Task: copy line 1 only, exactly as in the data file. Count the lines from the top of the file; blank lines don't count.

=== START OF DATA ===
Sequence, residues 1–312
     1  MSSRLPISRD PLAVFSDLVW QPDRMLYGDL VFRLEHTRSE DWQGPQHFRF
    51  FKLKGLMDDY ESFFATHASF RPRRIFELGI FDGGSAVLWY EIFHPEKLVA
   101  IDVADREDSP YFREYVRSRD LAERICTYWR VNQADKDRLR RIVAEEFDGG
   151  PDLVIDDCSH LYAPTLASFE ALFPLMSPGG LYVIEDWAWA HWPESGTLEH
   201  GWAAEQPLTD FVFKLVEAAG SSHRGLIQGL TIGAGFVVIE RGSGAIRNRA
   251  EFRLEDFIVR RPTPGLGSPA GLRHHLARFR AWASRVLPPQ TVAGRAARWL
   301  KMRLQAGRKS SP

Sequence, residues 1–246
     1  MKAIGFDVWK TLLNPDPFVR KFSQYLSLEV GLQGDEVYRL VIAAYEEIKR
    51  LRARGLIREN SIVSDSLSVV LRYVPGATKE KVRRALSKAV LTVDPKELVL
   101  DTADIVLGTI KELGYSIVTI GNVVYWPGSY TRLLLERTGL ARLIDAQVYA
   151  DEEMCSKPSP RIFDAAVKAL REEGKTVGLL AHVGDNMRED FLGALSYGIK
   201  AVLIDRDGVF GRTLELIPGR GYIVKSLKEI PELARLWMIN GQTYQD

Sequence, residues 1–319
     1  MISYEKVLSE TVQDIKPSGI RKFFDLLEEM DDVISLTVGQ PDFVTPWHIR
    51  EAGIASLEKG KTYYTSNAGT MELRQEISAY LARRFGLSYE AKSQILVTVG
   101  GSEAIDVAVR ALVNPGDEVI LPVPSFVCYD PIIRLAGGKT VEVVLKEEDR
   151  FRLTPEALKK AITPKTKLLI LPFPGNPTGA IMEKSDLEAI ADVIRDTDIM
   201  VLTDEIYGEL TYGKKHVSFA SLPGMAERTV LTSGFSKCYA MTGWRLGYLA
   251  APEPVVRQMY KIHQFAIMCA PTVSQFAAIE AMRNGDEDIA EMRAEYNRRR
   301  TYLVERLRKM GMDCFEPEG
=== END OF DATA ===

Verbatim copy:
Sequence, residues 1–312